Editors’ Select Webinar: Are abrupt humpback whale song changes specific to the Southern hemisphere?

You are invited to the next edition of the SMM Editors’ Select Webinar Series. This series highlights the latest and most exciting marine mammal science published in the Marine Mammal Science Journal. The SMM created this series to give scientists and citizens around the world a chance to engage with marine mammal scientists, learn, and ask questions. All are welcome!

Join us on Thursday May 16th 2024 at 8 am EDT / 2 pm CET
for the next SMM Editors’ Select Series Webinar:
Are abrupt humpback whale song changes specific to the Southern hemisphere?
with Drs. Maria Isabel Gonçalves and Divna Djokic

This event was recorded live and published on youtube.
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About this talk:
The humpback whale (Megaptera novaeangliae) is a species known for its singing abilities. Humpback whale song is a complex system built in a methodical way: units, the smallest elements – similar to notes – combine to form phrases, repeated phrases constitute a theme, and different themes make up a song. Each population of humpback whales has a specific song, which is predominantly expressed on the breeding ground.
These songs change throughout the year. When the change is subtle, it is called song “evolution”. Sometimes, however, songs go through sudden and intense changes, recognized as song “revolutions”. These abrupt changes have so far only been recorded in humpback whale populations in Australia and surrounding areas.
Our understanding of how, why, and how much difference there is between song “evolution” and “revolution” is still growing. However, using passive acoustic monitoring, we identified abrupt changes in humpback whale song in the Southwest Atlantic, off the Brazilian coast. We suggest this is the newest case of song revolution and the first recorded outside of the Pacific. Our findings also indicate these kinds of abrupt changes may only occur in Southern hemisphere humpback whale populations, and in this talk we propose several reasons for this difference from Northern hemisphere whales.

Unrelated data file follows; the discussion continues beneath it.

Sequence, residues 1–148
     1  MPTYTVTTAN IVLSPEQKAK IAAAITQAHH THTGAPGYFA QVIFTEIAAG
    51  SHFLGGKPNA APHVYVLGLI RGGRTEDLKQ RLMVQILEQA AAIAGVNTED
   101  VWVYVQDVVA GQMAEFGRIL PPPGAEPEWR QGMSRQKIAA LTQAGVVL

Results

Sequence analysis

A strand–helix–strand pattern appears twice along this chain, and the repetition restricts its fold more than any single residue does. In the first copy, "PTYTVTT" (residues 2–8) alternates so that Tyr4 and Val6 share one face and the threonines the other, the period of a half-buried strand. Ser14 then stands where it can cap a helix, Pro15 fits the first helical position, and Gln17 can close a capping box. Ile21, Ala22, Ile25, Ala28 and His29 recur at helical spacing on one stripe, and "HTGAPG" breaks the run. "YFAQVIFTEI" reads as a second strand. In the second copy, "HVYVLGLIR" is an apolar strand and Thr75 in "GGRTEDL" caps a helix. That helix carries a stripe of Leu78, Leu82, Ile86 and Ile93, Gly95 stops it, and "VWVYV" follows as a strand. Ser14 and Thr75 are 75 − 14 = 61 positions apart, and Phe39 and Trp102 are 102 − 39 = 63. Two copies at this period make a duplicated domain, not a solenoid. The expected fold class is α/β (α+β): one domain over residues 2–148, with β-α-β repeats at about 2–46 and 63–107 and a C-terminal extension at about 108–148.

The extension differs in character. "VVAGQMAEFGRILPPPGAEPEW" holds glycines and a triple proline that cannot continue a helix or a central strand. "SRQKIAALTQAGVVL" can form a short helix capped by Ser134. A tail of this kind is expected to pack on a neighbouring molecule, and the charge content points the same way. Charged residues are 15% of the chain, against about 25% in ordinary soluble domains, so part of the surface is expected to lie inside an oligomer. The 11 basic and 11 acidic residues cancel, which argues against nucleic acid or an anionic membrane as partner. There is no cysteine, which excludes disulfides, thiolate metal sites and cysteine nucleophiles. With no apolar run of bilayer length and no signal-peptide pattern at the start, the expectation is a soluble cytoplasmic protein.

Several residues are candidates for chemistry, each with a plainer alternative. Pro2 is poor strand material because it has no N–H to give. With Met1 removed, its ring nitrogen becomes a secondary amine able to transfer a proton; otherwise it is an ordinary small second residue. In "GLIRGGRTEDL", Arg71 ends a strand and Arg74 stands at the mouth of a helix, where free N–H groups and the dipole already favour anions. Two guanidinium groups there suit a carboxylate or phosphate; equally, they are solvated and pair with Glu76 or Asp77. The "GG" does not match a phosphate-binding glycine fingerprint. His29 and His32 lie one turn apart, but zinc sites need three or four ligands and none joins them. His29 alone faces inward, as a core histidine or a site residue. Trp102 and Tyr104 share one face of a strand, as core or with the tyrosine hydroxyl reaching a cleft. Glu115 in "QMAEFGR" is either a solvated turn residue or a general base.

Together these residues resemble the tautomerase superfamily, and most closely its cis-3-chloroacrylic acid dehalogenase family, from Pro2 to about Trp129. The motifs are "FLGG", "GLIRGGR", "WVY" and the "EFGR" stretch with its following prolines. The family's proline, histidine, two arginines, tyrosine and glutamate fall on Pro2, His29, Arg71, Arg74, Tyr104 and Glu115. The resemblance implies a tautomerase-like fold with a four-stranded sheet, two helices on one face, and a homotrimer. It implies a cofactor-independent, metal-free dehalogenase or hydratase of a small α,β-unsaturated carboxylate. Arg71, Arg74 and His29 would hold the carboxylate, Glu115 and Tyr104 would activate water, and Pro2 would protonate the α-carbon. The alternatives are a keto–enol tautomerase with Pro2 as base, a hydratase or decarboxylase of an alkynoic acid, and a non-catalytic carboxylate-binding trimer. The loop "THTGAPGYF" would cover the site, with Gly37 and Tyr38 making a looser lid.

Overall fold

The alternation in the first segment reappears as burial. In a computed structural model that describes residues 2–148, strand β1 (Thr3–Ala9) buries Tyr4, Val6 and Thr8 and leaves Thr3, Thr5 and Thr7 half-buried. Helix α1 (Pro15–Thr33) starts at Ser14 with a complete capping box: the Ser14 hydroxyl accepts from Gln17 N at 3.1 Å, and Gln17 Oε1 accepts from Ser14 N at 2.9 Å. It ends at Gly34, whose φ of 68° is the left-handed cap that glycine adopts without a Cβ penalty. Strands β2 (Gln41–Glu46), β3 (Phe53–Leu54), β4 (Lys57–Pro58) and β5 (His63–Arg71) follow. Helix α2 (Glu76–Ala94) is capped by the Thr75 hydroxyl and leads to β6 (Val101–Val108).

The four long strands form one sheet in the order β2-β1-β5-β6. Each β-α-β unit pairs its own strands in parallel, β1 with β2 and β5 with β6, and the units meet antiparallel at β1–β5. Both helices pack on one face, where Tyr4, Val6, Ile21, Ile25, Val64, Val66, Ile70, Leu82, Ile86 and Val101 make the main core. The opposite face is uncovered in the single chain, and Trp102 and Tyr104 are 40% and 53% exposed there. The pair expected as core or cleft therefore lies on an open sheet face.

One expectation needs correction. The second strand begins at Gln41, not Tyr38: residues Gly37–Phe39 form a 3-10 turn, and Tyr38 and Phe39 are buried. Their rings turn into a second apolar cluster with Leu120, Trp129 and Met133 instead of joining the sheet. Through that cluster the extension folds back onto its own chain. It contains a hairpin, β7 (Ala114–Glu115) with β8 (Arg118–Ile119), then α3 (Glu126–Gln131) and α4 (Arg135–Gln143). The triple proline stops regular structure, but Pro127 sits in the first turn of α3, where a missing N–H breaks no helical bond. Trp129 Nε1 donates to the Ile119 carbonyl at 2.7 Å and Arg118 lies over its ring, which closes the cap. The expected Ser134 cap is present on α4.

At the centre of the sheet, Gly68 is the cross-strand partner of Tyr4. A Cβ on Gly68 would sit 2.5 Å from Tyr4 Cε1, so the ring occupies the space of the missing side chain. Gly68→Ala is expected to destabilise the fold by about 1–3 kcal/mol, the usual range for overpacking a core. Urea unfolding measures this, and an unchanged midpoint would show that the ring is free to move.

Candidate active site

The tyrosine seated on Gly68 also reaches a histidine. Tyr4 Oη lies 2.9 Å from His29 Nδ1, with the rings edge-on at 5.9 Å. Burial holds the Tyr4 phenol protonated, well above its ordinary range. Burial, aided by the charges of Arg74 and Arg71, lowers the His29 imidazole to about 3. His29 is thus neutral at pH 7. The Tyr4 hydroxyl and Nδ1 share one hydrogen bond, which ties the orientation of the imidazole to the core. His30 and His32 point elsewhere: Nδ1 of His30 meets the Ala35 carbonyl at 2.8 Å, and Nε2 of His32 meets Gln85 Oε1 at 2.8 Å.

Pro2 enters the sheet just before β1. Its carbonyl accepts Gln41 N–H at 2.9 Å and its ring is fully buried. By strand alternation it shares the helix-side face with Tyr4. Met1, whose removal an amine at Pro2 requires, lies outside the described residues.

About the presenters:
Divna Djokic is a biologist originally from Serbia. As Serbia has no sea, she headed to the coasts to learn to speak whale. She completed a Masters in Marine Ecology in the lab of Dr. Michel Andre, focused on the acoustic ecology of sperm whales and worked as a Marine Mammal Observer in Italy before heading to Brazil, where she completed a PhD in humpback whale acoustics under the supervision of Dr. Renata Sousa Lima. The paper she will present with her colleague Isabel is a part of her PhD thesis research.

Maria Isabel Gonçalves is a Portuguese marine biologist who lives in Brazil and coordinates the Whales from the Hill Project. She received her PhD in Ecology and Biodiversity Conservation from the State University of Santa Cruz, Brazil, which was the starting point of the Whales from the Hill Project, a research and conservation effort that studies humpback whales in southern Bahia. Her interests include the ecology, behavior, and communication of cetaceans and communicating science to the broader public.

Open access to this article is made temporarily available in the weeks around the presentation and can be found here. Current SMM members have access to all Marine Mammal Science papers.

Missed a presentation or want to share this series with a friend? All previous Editors’ Select presentations are recorded and archived on our YouTube channel here.

*Please note that this will be the last Editors’ Select Series Webinar until after the SMM Biennial Conference in Perth, WA in November 2024*

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